By 1890, some 100,000 boilers were in service throughout the USA, with over 2000 boiler explosions since 1880. Boiler inspections were rare, and operating guidelines almost nonexistent. The Grover disaster brought new cries for improved industrial safety. A Board of Boiler Rules was formed, drafting a simple three-page set of rules. Though they had overcome manufacturer objections to “needless government interference”, (Heard that one recently in the US? The more things change the more they remain the same don’t they?) Massachusetts passed one of the first boiler inspection laws, in 1909. The Massachusetts laws eventually led to passage of a national boiler safety code. Pesky government interference. Always saving lives.
On January 20, 1909, during the construction of a water intake tunnel for the city of Chicago, a fire broke out on a temporary water crib, used to access an intermediate point along the tunnel. Water cribs are offshore structures that collect water from close to the bottom of a lake to supply a pumping station onshore. The temporary water crib was located a mile and a half off shore in Lake Michigan, and was being used to construct a new submarine water tunnel to Chicago. There were about 95 men working on the crib when the fire began, in a dynamite magazine stored in a small out building. This then set fire to the wooden dormitory that housed the tunnel workers. With literally nowhere to run to safety, 46 workers survived the fire by jumping into the lake and climbing onto ice floes on the frozen lake. However, about 60 men died, with 29 men burned beyond recognition.
Most of the remaining men drowned or froze to death in the lake, and were not recovered. One of the workmen made his way through the smoke to a telephone that communicated with the shore station. His frantic call awakened the drowsy attendant on shore who heard the following call for help: “The crib is on fire! For God’s sake send help at once or we will be burned alive! The tug” — At this point communication ceased. On shore, through the fog, the flames of the blaze could be seen rising from the water crib. The crew of the tugboat Morford made a heroic effort to save the men and fought through the ice, getting as close to the site of the fire and explosion as they could get. They rescued a few survivors in a boat, and plucked others from the water or the ice floes.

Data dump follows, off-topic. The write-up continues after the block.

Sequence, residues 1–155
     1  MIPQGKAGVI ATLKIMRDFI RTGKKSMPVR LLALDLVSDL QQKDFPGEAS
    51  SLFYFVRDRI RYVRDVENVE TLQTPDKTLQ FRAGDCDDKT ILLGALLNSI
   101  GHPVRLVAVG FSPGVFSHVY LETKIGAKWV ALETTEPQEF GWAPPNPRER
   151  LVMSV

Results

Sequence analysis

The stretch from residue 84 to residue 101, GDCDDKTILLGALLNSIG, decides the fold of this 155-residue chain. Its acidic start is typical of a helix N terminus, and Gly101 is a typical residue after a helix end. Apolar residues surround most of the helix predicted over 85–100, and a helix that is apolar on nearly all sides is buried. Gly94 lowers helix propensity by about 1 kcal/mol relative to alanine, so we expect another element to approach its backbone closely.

The Morgan Depot Explosion, occurred at 7:30 p.m. on October 4, 1918, at an ammunition plant operated by the T.A. Gillespie Company and located near Sayreville, in Middlesex County, New Jersey. The initial explosion triggered a fire and subsequent series of explosions which continued for three days. The facility, said to be one of the largest in the world at the time, was destroyed, along with more than 300 buildings, forcing reconstruction of South Amboy and Sayreville. According to a 1919 government report, the explosion destroyed enough ammunition to supply the western front for six months.
Among many others involved in rescue operations, a number of United States Coast Guardsmen stationed in Perth Amboy, New Jersey, were involved in rescue operations. Twelve of the Coast Guardsmen received Navy Crosses for their heroic actions. Two Coast Guardsmen died in the effort. The award citations indicate that during the conflagration they risked death when they relocated a train loaded with TNT, that was threatened by the fire.
Despite these and other heroics, the carnage from the explosion and fires was so complete that martial law was declared following the accident, and the 60,000 residents of Sayreville, South Amboy and Perth Amboy, were evacuated. The death toll for the accident is unknown, because the number of people working inside the plant at the time was lost, when the employment records were destroyed. Over 100 people were probably killed, with hundreds more injured. The unidentified remains of 14 to 18 workers were buried in a mass grave. The disaster occurred at the same time the 1918 influenza epidemic was sweeping the nation. Many survived the explosion and fires, but died due to the epidemic.